I recently came across a number of interesting articles that seemed to intersect. A recent Economist magazine issue contained a series of articles about software complexity. The point made in these articles was that software — and, in particular, the user interfaces to software — had reached a point at which people were beginning to revolt, and that many companies, especially consumer companies, are becoming concerned that their customers will begin to turn to other forms of product.

A separate, although related, article appeared in the New York Times, and was entitled “What’s Bugging the High-Tech Car?” This article pointed out that automobiles, particularly high-end luxury German automobiles, have recently been having significant problems with reliability — normally one of their strongest points. A large number of these new problems stem from onboard computers that increasingly run the car. In most automobiles today, as in a wide variety of other equipment, computers play a growing role. But, in a lot of cases, computers are not as reliable as are the mechanical controls that they replace.

So here we have two instances where software difficulties seem to be retarding progress. None of this is a surprise to anyone. All of us face problems with software that is either too complex to deal with or too unreliable for the task at hand. As a software designer and architect, I feel especially frustrated, since I know it doesn’t have to be this way.

Just the other day, I was in a cell phone store trying to get a part for my cell phone. I overheard a customer complaining about the fact that her cell phone was constantly overheating, to the point that she couldn’t hold it up to her ear because it was too hot. The service representative asked the customer where she lived. When she told him, he responded, “Well, that could be the problem, you live in an area that doesn’t have very good coverage. The cell phone may be constantly trying to reestablish contact and when it does that, it often heats up.”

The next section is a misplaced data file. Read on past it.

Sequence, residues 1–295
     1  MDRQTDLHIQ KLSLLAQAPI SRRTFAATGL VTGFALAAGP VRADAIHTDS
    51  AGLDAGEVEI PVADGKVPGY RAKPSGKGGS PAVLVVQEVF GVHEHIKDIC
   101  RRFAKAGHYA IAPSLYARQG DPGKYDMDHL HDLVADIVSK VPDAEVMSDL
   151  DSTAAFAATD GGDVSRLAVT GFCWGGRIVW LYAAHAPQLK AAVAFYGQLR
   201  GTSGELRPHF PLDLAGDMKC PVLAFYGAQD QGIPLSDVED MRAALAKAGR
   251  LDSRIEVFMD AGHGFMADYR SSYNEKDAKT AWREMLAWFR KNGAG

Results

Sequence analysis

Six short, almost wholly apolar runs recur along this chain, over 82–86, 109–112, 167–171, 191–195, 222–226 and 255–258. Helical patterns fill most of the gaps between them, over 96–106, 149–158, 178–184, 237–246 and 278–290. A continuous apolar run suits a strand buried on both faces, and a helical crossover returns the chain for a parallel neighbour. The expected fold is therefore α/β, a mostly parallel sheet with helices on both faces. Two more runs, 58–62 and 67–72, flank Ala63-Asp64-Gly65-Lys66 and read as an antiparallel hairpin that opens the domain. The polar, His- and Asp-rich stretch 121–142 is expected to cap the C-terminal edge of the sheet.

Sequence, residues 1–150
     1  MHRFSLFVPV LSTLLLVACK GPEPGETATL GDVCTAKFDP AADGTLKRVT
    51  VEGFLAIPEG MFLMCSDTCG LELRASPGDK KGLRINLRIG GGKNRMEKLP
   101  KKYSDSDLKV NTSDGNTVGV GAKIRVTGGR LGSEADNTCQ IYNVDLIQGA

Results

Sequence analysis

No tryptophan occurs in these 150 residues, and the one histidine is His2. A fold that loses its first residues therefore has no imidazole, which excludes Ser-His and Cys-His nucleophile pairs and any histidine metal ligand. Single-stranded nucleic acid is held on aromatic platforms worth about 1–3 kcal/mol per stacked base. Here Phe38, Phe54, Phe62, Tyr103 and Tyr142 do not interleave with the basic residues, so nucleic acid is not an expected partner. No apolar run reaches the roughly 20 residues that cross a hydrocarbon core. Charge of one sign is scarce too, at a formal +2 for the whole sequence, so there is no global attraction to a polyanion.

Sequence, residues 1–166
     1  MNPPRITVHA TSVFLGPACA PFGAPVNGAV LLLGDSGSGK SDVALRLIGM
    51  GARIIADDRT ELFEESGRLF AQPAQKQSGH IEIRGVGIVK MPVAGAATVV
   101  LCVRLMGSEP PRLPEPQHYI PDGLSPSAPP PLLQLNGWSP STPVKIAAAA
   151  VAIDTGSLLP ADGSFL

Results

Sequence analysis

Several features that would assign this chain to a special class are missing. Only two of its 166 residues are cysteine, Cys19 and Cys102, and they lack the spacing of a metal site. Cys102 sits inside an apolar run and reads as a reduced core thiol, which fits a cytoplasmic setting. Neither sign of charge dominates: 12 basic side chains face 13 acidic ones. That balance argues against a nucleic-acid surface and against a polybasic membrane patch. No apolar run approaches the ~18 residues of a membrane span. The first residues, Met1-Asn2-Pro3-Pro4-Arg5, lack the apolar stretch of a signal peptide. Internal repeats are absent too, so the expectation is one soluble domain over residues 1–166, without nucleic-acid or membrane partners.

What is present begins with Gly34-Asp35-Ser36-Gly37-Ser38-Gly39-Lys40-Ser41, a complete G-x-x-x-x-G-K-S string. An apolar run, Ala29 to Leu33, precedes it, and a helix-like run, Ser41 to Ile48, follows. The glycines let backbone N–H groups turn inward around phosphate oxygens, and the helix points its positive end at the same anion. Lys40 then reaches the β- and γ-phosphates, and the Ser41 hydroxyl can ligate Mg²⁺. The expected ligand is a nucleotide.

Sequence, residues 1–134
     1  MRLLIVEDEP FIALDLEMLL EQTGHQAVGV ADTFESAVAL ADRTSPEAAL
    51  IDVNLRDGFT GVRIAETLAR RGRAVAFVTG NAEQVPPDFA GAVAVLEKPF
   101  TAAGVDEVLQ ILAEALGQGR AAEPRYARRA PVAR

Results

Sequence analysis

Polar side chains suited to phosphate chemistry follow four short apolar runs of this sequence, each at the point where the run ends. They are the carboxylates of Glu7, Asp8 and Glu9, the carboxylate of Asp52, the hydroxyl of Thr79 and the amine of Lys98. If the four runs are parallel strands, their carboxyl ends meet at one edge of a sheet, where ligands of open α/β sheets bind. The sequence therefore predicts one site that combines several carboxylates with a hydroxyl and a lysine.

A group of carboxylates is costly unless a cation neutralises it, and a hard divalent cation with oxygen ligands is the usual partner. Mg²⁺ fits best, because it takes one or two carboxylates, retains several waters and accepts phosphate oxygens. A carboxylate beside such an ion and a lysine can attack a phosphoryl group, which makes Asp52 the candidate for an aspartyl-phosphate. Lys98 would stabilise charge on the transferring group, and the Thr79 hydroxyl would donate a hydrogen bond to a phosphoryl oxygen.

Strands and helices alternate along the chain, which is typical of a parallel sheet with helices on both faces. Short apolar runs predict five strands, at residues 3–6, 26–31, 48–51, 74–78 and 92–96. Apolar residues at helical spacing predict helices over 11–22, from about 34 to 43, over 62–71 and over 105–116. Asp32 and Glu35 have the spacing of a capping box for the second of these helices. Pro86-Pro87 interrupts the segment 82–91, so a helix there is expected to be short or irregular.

As a software designer, I expect cell phone software designers to recognize when their phones are overheating. As a software designer, I expect automotive software designers to build ultra reliable software and to be able to deal with malfunctioning sensors and other conditions. And as a software designer, I expect software that I and millions of others deal with daily to be elegantly simple in terms of their user interfaces.

This brings me to the Apple iPod. Not everyone can be a Steve Jobs or another member of the Apple team and design something as elegant and useful as the iPod. But everybody can recognize after- the-fact the nature of good design. The iPod has but one button and one kind of elegant dial, which allows the user to select a variety of functions in an intuitive fashion with a very short learning curve. What Jobs and his engineers at Apple have done is to bring the best of industrial engineering into user interface design — something that Apple has been famous for for over 25 years.

Unfortunately, for the last 10 or 15 years, it seems to me that software has become more and more enamored of complexity. We have, as an industry, focused on reusability rather than usability. We have lost track of the end user and the end use. If we don’t recover our focus soon, our entire economy will suffer — not to mention our companies. We cannot afford to have unreliable software running our cars, our elevators, our power plants, or our electrical networks. There are far too few good software engineers and architects today, and not nearly enough good training for those who do come out of our colleges and universities. We have to change our focus and we have to do it now.

— Ken Orr, Fellow, Cutter Business Technology Council